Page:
Trainees may sue over boycott
The first Allanah Prosten knew about industrial action by lecturers was when her tutor failed to turn up to last term's formal observation.
Ms Prosten, a 22-year-old primary PGCE student at Manchester Metropolitan university, said: "It put me in a really bad position, because the headteacher had to do it. I rang the university and they said the lecturers were on strike and working to rule. Nobody told us."
She is one of the thousands of trainee teachers affected by the boycott of coursework marking and assessment. The industrial action was started in February by lecturers' union Natfhe and the Association of University Teachers (AUT), which yesterday merged to form the University and College Union.
Luckily Ms Prosten has already been offered a job by a primary school in west London. But she risks being paid as an unqualified teacher, earning at least a quarter less than she had expected.
Several students said they were now considering legal action against their universities to win compensation for lost earnings.
Nicholas Russell, who is completing a PGCE at Nottingham university, said:
"Many students would have been in favour of the industrial action. But because of the clandestine way it has happened, many of us have contacted legal advisers regarding potentially suing the university for loss of earnings and breach of contract."
It is not just students at the end of teacher-training courses who are angry. The boycott is also making it difficult for some students who are completing their first degrees to confirm whether they can start postgraduate teaching courses in September.
Edgehill university in Lancashire, the largest trainer of secondary teachers in Britain, said that its teaching courses had not been affected by the boycotts.
But Dr John Cater, vice-chancellor, said it might need to look at new students on a case-by-case basis, if they did not have a degree grade, to see if they had met the entry requirements for its PGCE courses.
Alan Verth had hoped to begin a PGCE at Sunderland university this September after completing an English and film degree at the same institution, but has not received confirmation he will graduate in time.
Mr Verth is now speaking to his solicitor about legal action. "I'm 34, I've got a young daughter and a mortgage, and I left my previous career to become a teacher," he said. "I can't afford to wait around - I need this to be fixed quickly."
Teachers' unions are optimistic the dispute will be solved without long-term problems for trainee teachers.
Chris Keates, general secretary of the NASUWT, said: "We have been contacted by some of our student members who are concerned about the effect on them, but we are hopeful that there will be a settlement soon."
The General Teaching Council for England is expected to put out advice for trainee teachers and for institutions next week.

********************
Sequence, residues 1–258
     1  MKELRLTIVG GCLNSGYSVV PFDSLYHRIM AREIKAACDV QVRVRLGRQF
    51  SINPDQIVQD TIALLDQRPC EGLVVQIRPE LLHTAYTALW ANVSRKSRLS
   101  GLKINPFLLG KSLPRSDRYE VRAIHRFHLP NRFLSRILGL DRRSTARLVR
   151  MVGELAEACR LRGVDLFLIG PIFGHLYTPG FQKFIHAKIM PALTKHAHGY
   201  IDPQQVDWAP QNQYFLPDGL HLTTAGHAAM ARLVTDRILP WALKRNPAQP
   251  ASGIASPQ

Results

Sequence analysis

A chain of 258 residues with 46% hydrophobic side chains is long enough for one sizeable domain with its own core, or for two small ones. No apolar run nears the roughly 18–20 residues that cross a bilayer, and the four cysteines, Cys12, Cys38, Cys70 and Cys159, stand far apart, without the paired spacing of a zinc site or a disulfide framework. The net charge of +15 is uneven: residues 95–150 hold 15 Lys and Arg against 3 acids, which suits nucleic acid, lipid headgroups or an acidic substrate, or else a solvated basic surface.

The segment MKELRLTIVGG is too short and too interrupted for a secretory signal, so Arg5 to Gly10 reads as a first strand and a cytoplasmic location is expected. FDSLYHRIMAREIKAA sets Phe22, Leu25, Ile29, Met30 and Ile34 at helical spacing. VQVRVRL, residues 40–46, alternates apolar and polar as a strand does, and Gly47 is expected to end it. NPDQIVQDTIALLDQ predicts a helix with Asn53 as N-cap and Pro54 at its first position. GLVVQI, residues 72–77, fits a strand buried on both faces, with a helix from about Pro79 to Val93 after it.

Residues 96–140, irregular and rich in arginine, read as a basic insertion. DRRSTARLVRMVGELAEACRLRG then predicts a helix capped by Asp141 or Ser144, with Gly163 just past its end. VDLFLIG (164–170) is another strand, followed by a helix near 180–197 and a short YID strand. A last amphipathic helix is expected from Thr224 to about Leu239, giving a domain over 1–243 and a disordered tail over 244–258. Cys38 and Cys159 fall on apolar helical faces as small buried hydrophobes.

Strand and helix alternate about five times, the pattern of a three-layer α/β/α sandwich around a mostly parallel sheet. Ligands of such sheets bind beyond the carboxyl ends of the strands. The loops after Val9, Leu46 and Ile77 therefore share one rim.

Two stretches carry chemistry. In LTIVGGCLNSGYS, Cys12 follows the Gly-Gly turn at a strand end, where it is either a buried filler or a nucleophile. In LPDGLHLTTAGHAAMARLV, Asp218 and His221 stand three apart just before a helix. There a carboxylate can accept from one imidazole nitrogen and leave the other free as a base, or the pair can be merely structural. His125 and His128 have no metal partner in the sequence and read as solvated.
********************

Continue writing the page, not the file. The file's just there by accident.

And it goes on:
It has been drawing up contingency plans with organisations including the Training and Development Agency for Schools, so it can speed up the award of qualified teacher status.
But the Department for Education and Skills has not confirmed whether it will encourage schools to employ unqualified teachers and give them back pay later. Department sources say it is keen to avoid giving any specific groups of students special treatment.
Sue Kirkham, president of the Association of School and College Leaders, said she believed schools would be unaffected as they normally offered jobs to students many months before they had completed their teaching courses.
"You can get a fair idea of how a student is doing from their work and their school placements," she said. "As local authorities are the employer it will be their decision if schools should take on unqualified teachers."
Nottingham university said it did not anticipate its students would have major problems starting teaching jobs, even if there was a delay providing them with marks. "All of them will have written references from us reflecting the work they have done during the course, including observations of teaching practice," a spokesman said.
Back in Manchester, Allanah Prosten said that the breakdown in relations between lecturers and students had been one of the worst aspects of the dispute. "At the start of the course the lecturers were handing out their home phone numbers and saying how much they wanted us to become teachers," she said. "Now they're going to stop us from qualifying."
Why have higher education lecturers been taking industrial action?
They are seeking a pay rise of 23 per cent over three years. Their employers were only offering 13.1 per cent this week.
Why a boycott of assessment and exam marking?
The lecturers' union Natfhe said a marking boycott was the most effective form of action short of a strike and "does little irreversible damage".
What are teachers' unions doing about their student members?
Not much. They are members of the Trades Union Congress, so are duty bound to support their fellow unions' action.
Can schools employ unqualified teachers?
Yes. Many already use teachers from abroad, who lack UK qualifications, to take whole classes.
How much pay do you get as an unqualified teacher?
While most NQTs will get a minimum starting salary of pound;19,641, an unqualified teacher would expect pound;14,391. Unqualified teachers in inner London will get pound;18,099 instead of pound;23,577.